Misinformation is information that they don’t want us to know

The current epistemic crisis might affect our epistemic wellbeing. We are living through an epistemological crisis: it’s becoming harder and harder to know what to believe and who to listen to. Can we really know the truth? Are the “experts” trustworthy or tainted by ideological bias? Our growing distrust of those who claim to be telling the “truth” can leave us feeling powerless and confused amid the growing information glut of the digital age.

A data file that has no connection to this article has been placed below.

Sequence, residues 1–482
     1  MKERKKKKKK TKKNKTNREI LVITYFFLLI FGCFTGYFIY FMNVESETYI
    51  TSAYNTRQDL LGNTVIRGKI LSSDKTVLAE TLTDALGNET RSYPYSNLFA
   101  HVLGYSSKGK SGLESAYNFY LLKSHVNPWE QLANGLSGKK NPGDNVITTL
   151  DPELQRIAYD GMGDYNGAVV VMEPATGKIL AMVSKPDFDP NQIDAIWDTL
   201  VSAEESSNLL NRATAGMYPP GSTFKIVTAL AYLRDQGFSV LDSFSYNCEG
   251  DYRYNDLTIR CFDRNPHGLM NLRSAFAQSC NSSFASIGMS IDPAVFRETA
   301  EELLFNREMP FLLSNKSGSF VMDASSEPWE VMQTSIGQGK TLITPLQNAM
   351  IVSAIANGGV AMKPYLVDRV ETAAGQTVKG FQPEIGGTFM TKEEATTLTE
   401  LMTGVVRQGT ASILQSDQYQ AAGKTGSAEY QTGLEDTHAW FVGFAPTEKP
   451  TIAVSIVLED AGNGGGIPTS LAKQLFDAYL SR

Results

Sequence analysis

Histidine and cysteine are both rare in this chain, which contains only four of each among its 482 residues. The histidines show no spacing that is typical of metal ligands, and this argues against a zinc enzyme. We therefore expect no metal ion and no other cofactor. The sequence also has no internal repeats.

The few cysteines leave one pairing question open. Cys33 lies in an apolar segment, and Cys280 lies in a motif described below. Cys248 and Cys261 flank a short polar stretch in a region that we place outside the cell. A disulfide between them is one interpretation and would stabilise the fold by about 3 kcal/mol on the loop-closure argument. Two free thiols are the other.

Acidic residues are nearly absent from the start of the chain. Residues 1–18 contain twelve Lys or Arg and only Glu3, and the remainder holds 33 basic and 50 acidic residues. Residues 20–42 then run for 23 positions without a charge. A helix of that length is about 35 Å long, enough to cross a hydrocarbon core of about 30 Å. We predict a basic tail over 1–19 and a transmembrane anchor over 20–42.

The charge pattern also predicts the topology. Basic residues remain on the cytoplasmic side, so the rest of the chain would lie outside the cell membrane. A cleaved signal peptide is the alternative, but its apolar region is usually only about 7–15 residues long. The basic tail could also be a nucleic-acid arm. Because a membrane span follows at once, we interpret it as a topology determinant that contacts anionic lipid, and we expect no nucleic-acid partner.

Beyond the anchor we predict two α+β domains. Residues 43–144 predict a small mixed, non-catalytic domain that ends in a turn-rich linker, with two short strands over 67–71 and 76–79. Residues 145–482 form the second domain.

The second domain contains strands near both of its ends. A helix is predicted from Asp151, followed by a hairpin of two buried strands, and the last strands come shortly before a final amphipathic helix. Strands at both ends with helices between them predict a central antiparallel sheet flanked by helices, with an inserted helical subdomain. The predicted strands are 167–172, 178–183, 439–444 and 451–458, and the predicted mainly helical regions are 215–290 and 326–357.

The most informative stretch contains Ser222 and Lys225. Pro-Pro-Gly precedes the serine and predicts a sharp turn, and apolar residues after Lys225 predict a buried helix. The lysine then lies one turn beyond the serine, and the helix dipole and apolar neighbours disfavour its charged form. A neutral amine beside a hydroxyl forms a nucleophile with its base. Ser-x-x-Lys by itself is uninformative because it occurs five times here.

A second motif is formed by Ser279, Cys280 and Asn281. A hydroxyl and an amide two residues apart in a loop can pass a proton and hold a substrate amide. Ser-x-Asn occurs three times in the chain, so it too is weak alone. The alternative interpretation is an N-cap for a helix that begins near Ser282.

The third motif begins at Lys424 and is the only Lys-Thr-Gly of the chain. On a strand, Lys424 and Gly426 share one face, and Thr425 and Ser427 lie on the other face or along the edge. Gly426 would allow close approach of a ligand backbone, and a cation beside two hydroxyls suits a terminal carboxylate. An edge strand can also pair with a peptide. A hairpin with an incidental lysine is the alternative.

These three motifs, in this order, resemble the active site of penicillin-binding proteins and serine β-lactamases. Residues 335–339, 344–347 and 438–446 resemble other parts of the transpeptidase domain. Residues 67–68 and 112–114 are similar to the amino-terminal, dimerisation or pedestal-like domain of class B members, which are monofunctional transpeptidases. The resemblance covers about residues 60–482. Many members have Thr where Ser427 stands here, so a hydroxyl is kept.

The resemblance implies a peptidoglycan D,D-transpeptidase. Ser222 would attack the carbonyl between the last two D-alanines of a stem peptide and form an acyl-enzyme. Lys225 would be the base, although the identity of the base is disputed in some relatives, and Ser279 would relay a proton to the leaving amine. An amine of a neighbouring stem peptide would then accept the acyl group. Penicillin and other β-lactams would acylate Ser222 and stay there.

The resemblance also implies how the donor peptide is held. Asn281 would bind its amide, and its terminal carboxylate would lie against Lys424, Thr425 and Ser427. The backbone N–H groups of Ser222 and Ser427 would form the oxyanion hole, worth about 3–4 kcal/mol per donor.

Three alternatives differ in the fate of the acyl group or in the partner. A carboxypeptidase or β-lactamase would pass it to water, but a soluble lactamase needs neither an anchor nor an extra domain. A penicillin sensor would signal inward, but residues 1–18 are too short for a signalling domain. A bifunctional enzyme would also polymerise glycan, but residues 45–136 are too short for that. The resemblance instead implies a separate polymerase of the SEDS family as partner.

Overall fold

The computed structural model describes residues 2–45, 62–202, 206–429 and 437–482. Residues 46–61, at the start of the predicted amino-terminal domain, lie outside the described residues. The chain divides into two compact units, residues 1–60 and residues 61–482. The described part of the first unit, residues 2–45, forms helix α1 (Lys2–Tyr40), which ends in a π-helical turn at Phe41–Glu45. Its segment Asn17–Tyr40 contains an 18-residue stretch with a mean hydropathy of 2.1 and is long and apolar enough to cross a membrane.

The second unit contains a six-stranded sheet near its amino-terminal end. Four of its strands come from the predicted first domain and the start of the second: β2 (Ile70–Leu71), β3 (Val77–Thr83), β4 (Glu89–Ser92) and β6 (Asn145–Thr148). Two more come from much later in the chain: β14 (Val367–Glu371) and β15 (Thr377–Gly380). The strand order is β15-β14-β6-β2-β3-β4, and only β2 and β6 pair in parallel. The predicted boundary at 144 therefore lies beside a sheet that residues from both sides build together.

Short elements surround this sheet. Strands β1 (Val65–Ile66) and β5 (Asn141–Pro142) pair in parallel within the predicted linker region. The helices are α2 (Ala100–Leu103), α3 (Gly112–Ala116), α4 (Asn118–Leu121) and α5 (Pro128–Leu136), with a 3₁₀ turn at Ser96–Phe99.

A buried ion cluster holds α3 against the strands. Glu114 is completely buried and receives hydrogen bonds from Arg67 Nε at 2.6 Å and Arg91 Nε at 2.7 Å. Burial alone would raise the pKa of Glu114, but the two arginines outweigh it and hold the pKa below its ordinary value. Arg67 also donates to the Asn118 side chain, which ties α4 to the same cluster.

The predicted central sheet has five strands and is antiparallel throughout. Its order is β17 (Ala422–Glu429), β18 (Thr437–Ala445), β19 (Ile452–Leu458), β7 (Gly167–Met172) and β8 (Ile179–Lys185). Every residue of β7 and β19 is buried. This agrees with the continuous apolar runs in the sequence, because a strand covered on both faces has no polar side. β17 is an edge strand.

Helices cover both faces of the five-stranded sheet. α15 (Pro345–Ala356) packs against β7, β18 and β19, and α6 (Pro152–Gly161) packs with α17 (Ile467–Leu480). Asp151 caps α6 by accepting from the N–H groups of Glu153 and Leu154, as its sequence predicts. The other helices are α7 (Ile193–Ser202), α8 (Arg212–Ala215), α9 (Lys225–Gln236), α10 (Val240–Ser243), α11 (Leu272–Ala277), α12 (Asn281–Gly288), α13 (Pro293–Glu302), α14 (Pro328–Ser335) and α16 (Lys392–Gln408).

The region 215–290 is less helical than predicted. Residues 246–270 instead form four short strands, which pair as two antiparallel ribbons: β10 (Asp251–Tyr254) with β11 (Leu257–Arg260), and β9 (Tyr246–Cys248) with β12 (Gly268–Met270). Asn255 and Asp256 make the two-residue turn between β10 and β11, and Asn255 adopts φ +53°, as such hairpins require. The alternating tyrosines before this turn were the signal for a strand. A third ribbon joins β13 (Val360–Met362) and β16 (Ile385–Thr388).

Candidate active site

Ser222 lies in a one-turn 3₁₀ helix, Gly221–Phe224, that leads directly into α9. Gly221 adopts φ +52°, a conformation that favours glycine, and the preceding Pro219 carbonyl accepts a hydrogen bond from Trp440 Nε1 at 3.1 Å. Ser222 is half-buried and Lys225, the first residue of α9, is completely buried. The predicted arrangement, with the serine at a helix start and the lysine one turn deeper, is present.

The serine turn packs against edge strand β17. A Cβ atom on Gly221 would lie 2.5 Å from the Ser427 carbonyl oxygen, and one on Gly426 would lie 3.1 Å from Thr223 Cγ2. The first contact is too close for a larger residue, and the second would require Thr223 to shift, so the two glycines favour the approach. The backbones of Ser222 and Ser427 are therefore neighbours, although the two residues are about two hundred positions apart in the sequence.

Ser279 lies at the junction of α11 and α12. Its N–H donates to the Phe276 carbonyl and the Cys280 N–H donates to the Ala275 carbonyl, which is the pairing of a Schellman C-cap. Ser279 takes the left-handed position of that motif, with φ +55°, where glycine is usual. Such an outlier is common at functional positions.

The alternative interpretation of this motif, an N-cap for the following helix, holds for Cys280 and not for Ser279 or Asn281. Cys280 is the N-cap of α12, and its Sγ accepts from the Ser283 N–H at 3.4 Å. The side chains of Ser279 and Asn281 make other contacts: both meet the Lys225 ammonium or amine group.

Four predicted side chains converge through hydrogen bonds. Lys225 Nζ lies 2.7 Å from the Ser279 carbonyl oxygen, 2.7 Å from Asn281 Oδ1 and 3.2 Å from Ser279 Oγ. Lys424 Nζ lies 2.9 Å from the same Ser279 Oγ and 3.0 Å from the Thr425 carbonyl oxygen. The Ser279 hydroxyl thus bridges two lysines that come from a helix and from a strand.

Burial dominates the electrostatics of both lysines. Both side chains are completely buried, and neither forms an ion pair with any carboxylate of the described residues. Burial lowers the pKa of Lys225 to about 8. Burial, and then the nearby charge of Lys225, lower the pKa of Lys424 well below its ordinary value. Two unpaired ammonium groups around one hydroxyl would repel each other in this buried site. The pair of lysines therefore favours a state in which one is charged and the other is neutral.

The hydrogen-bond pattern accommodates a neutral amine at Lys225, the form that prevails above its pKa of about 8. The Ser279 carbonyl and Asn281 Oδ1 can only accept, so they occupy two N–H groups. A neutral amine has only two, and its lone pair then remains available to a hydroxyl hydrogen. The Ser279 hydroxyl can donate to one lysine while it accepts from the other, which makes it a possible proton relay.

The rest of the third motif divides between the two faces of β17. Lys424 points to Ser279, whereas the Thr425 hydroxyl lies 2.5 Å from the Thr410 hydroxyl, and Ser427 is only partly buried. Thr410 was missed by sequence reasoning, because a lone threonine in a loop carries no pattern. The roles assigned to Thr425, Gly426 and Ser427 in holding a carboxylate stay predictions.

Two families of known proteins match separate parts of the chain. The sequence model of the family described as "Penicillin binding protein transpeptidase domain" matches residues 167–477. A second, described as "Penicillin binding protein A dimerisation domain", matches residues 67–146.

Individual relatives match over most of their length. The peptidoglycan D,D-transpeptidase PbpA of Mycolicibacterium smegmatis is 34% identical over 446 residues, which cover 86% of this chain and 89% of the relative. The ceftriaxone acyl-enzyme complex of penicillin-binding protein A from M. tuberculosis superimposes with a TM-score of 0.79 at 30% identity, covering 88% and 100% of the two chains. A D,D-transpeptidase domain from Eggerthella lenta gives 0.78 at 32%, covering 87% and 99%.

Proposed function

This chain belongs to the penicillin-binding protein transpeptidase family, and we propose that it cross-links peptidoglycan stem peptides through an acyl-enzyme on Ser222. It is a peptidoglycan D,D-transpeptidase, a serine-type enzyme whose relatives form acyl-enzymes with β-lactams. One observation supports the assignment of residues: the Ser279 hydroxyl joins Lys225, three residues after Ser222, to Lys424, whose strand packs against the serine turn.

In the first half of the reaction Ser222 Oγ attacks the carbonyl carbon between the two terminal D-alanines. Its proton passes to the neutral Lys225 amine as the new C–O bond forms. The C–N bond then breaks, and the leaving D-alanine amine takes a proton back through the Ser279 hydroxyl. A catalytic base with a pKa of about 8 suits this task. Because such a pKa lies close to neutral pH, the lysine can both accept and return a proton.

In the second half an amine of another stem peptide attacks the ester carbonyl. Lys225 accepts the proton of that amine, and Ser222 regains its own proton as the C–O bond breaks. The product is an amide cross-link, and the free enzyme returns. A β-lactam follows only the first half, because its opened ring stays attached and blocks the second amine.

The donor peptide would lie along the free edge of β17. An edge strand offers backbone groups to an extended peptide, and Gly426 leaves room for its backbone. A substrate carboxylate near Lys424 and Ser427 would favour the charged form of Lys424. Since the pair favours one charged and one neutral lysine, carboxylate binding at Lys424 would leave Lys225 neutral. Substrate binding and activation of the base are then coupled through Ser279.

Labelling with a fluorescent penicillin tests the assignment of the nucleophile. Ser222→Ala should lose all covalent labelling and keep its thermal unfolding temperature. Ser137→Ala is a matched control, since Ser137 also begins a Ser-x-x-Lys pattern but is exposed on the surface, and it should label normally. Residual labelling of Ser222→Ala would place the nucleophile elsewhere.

Our social networks are bombarded by information, and it is almost impossible to discern what is real and what is unreliable information. The problem is not so much because of false content, but because malicious actors try to use our psychology against us. Misleading, manipulated and false information regarding events in Ukraine has been circulating on social media platforms. Using existing photos or videos and claiming they come from a different time or place is one of the most common forms of misinformation. News organizations are calling out fake footage and compiling lists of dubious social media claims. How can we avoid being fooled by fake news?

The people who believe in misinformation are not interested in “staying suspicious”. They believe what they want to believe.

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